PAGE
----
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dalbert02

An interesting 2.4Ghz antenna

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At work we have a 'junk box' of what most people consider useless parts. I went rummaging through it today and found a Peak Antennas CO-1925-4.5 antenna. A quick look on thier website reveals it is an older version of the CO-225-4.5 with a reported bandwidth of 1.98GHz to 2.5Ghz. http://www.peakantennas.com/ I thought that must be some pretty exagerated specs as that is over 500Mhz of bandwidth and most of the antennas I make are only good for a few tens of megahertz. Well, it just so happens we have a new toy at work, an Anritsu Site Master Antenna Analyzer http://www.us.anritsu.com/products/ARO/Nor...spx?&ID=595. I hooked it up and did a sweep from 2.0Ghz to 2.5Ghz and guess what? The SWR went from a low of 1.0 to max of 1.4! I thought for sure Peak was exagerating but it looks like this antenna is pretty wide band after all. I decided to take my new found 'junk' antenna apart and see what voodoo magic was inside. It certainly is not just a length of wire, that is for sure! The base is machined aluminum with an Amphenol 'N' connector. The radome is good quality fiber glass with an aluminum top. Attached are pics of the inside. Very unusual in my opinion. A series of cones and cylinders where the ground and conductor alternate. Very interesting.

-dave

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That must be "fun" to manufacture. :)

If the signal and grounds are alternating on each element, then it's a collinear or variant of that theme. Is it sort of arranged like this? http://www.rason.org/Projects/collant/collant.htm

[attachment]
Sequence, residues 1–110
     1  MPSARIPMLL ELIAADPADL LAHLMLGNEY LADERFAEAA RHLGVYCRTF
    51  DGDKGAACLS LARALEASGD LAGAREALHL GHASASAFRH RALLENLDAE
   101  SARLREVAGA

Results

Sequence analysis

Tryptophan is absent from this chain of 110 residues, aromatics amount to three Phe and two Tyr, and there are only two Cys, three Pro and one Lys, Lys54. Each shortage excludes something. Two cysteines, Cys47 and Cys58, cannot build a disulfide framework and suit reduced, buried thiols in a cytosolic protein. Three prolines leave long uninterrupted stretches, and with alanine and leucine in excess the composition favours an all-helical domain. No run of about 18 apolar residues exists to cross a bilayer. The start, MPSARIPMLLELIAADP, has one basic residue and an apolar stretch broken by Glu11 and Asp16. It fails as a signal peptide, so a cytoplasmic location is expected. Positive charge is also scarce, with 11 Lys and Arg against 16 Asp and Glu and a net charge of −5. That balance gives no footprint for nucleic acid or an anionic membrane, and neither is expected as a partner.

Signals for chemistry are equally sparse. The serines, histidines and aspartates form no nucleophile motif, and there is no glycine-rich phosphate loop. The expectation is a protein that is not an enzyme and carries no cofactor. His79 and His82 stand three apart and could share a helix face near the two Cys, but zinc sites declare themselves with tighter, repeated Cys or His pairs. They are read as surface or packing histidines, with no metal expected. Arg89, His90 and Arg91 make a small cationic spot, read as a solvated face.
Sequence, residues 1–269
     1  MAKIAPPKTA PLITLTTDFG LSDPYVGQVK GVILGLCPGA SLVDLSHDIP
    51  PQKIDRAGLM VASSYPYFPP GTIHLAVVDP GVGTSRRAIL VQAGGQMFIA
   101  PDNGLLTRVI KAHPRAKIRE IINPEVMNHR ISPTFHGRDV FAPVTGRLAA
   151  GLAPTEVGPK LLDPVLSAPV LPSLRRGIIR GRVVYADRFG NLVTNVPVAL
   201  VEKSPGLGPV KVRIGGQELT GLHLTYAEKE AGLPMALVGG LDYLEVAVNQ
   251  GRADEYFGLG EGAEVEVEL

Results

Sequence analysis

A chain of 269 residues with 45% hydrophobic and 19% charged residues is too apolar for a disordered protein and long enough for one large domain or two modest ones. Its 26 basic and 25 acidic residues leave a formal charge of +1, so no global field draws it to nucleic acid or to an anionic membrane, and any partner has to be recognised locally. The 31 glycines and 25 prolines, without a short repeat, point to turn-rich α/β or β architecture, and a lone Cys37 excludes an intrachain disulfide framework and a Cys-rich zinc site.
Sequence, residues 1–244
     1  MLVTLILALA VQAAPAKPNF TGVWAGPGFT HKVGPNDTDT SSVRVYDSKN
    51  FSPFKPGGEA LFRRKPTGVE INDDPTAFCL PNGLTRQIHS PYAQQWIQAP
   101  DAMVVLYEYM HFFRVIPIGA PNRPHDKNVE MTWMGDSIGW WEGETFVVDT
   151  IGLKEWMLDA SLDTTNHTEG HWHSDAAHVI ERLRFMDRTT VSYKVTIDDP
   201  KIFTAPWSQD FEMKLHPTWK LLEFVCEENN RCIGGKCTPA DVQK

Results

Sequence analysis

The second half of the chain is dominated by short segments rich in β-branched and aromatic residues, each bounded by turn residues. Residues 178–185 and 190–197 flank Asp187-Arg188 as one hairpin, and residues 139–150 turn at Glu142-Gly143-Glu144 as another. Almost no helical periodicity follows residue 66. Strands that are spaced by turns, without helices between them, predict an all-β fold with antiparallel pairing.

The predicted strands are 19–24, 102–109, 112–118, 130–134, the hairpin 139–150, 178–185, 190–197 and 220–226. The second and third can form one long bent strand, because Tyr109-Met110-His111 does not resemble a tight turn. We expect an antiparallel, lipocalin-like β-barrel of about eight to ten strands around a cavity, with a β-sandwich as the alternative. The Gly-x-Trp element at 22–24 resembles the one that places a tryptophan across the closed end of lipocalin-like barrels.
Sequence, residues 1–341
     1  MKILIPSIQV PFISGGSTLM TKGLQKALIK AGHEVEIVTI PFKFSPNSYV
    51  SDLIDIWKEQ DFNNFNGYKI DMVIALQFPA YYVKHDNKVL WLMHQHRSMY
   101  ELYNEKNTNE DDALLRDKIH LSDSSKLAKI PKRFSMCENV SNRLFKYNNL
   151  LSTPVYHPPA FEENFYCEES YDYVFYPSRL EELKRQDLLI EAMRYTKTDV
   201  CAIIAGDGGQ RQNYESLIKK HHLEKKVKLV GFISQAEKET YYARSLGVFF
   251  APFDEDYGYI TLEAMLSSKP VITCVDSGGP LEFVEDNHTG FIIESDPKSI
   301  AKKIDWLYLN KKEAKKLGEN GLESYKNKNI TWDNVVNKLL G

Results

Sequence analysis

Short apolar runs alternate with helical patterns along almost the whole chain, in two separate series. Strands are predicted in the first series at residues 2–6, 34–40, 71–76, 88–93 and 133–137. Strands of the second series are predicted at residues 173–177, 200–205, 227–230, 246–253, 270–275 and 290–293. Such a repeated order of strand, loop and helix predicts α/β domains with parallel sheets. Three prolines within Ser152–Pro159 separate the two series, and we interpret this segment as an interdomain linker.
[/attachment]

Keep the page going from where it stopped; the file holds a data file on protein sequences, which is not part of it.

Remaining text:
Don't get too excited by the flat SWR. Sometimes such things yield a wide variance of RF gain and a beam pattern that depends on the operating frequency being used. Ultra wide bandwidth is convenient when you need it though.

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That must be "fun" to manufacture. :)

If the signal and grounds are alternating on each element, then it's a collinear or variant of that theme. Is it sort of arranged like this? http://www.rason.org/Projects/collant/collant.htm

Don't get too excited by the flat SWR. Sometimes such things yield a wide variance of RF gain and a beam pattern that depends on the operating frequency being used. Ultra wide bandwidth is convenient when you need it though.

Yes, it is very similar to the link you have. So would this be a bad choice for recieve only purposes such as FPV? I have taken some HyperLink antennas apart and they are basically just a straight wire for a few cm then coiled like a spring for a few cm and then back to just being a straight wire.

-dave

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The ideal way to know for sure would be to get a data sheet for the antenna and look at the RF pattern and gain for your exact operating frequency. Then decide if you like what they claim. Next best is to just try it. :)

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We use Collinears like these at 2 meters and 70 cm. for base and repeater antennas. they work very well giving good gain figures. However at 2.4gc it is very critical on matching each section to the other and RG58 just won't cut it. Too lossy and too unwieldy at SHF (?) frequencies. At 2.4gc a half wavelength is ~ 2 inches long and 1/32" can make a large difference in mismatch and skewing the radiation pattern, neither of which is good.

The most economical commercial (or homebuilt) antenna for receivers that I've been able to ascertain is still a patch antenna(s) even with their directional properties, and a 1/4 wave vertical for the TXs and/or airborne receivers. Personally (so far) I wouldn't consider wasting my money on unknown (to me or my circle of friends), antennas no matter what the mfgr claims. After over 50 years being a ham and home brewing all kinds of antennas. I feel I have some knowlege on the subject.

If you're determined to achieve long range with minimal wifi interference, use an auto-tracking dish. With good weather and a good dish you'll reach out to 30 miles or better with at least a 100mw TX on the plane.

Now there's a good project. Design and build an auto tracking system which would even work with patch antennas.

On another note, Wide bandwidth is a characteristic of antennas (except for the most part, dishes) used at 144mc and above. The higher the frequency, for all practical purposes, the wider the bandwidth.

Edited by W3FJW-Ron

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